Originally published in Willow Springs 75
From the author
Notes on “Copycats”
I wouldn’t describe writing as fun. I wouldn’t describe my stories as fun. But I enjoy writing when I’m doing it, and it’s probably the only time I can relax deep into my head where I’d spend all my time if the world would let me (thank you, world, for not letting me). For me, fiction is a way of extracting ideas from feelings and then twisting those ideas back to feelings. Feeling is probably a bad word for it, but I can’t think of a better one. What I’m referring to falls somewhere between sense and emotion and that thing that nags us, but it’s also pure and real and something that longs to be understood. My favorite writing by other authors falls willingly and unconsciously and sometimes effortlessly into that canyon between thought and feelings. As a writer, I constantly struggle with the divide. I think my work often documents that struggle as I strive, and usually fail, to push it over that edge.
“Copycats” contains an actual jump, an actual fall. It happened to an actual man who actually bought a plane ticket for an actual fake name. My version of the story started with a friend’s fascination. As we sat in a bar or maybe a steamy pho restaurant in the middle of winter, he explained what he knew about D.B. Cooper. I already felt removed, and I liked that feeling. I liked how the story was coming secondhand, and I liked how everything was actual and false at the same time. It wasn’t my story exactly, or my obsession, so I approached it with that skepticism and remove. I started with the disappearance and with those, like my friend, who connected with the disappearance—an actual that wasn’t actually there. I was drawn as much to Cooper’s copycats as I was to Cooper. Some were simply hijackers that came after, but the strangest were those that “confessed” to be him, often as a final, dramatic gesture on their deathbeds. One was even a woman who claimed she’d had a sex-change operation to conceal her/himself.
From what I could find, none of these people ever “proved” to be Cooper, and it struck me that if we were never going to reveal the actual hijacker or allow him to reveal himself, we were going to fill in his absence any way we could. In fact, maybe we preferred that. I wondered what caused these copycats to confess something that wasn’t theirs to confess. Why had they tried to take Cooper’s place? Why did they want to help him reappear? These questions didn’t have logical answers, probably, which is why I liked them so much. By the time I finished writing “Copycats,” I’d decided that Cooper had always set out to disappear. He must have known he could not spend the money, and he must have suspected that if he succeeded, nobody would ever see him again. If this thought was freeing for him before the hijacking, I wondered if that changed afterward. I imagined a diner—a timeless, American type of place—where all these copycats, all these different versions of Cooper, could meet. If they did, would some still be proud of what they’d done? Would some be filled with regret? And how much had they really disappeared over time? Would they allow themselves to recognize each other? Would they want others to recognize them? All this started as a feeling more than any kind of thought. I tried to form that feeling into something and then go back again.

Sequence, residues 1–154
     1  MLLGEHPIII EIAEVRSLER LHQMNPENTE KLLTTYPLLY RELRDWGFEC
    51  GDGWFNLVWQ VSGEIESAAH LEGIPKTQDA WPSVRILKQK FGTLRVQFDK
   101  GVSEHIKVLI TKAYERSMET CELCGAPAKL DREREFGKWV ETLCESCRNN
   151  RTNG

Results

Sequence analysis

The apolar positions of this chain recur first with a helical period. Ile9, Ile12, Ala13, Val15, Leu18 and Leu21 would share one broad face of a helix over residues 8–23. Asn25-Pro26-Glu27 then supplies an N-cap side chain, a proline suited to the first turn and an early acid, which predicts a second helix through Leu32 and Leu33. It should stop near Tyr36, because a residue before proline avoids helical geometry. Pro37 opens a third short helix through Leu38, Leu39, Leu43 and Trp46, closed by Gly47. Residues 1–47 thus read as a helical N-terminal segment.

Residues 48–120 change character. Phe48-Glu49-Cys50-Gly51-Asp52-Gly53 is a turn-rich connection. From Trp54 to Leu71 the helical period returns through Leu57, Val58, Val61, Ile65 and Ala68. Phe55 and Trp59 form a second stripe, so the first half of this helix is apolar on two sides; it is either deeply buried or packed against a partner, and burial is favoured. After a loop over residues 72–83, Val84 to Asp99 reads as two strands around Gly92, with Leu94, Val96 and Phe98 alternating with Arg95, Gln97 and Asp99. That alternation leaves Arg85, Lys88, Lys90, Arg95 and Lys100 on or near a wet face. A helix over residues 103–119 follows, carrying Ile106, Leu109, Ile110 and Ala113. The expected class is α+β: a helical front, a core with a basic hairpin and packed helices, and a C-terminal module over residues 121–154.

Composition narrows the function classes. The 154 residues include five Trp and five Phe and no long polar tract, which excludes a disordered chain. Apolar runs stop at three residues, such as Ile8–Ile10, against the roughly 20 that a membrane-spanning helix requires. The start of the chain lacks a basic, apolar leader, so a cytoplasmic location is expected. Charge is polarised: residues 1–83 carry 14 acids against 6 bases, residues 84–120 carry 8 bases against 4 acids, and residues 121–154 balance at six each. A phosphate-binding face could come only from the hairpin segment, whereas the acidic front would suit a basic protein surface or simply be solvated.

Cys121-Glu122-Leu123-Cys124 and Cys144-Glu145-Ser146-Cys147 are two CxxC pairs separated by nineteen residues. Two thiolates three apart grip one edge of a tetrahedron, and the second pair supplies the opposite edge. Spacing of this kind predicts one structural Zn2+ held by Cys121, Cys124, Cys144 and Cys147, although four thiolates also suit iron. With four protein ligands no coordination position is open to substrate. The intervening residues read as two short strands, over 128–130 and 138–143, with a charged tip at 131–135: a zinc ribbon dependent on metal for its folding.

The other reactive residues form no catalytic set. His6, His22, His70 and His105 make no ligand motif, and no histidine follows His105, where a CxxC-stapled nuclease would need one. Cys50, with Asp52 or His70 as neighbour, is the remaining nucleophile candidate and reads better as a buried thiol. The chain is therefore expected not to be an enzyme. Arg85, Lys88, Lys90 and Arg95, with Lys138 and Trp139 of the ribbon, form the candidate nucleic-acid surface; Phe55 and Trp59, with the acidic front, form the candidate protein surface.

Though I may not have had fun writing, Cooper was certainly a fun subject. He provided a mystery that couldn’t be solved, gaps that couldn’t be filled. I also couldn’t help but notice how as the writer of my version of his story, I was assuming the role of another copycat, and how readers would be doing the same. The decision to use second person came from that—from the image of more and more copycats rippling out from the center of the story.
Notes on Reading
I’ve been seeking out authors that are able to effortlessly bridge between thought and that indefinable feeling that I think is hinted at in the best fiction. Right now I’m reading the complete stories of Flannery O’Connor cover to cover. I love the way her messy moments and digressions are her most fascinating, and how somehow those moments still fit within the larger and unconscious logic of the story. I just read Miss Lonelyhearts and The Day of the Locust by Nathaniel West too, and I think he’s able to find that space as well. On the absolute flipside, I’ve been teaching screenwriting and film this semester and thinking about classical story form. I’ve also been thinking about how elements of film must inform modern fiction, how those elements have become embedded in our story-telling consciousnesses, and how we can continue to learn from those strategies and use them. Critics have disputed this analogy, but I find it interesting think about, for example, how editing transfers to our use and understanding of the sentence, or how the framing of vertical, horizontal, and diagonal lines can work into my own descriptions and settings.
About Lucas Southworth
Lucas Southworth’s stories are forthcoming from or have recently appeared in TriQuarterly, Mid-American Review, Hayden’s Ferry Review, Web Conjunctions, DIAGRAM, Meridian, and others. His collection of short stories, Everyone Here Has a Gun, was the winner of AWP’s Grace Paley Prize in 2012, and University of Massachusetts Press published the book in late 2013. He is also a professor of fiction and screenwriting at Loyola University Maryland and a co-partner at Slash Pine Press. Links to info on Everyone Here Has a Gun and other online work can be found at everyoneherehasagun.blogspot.com.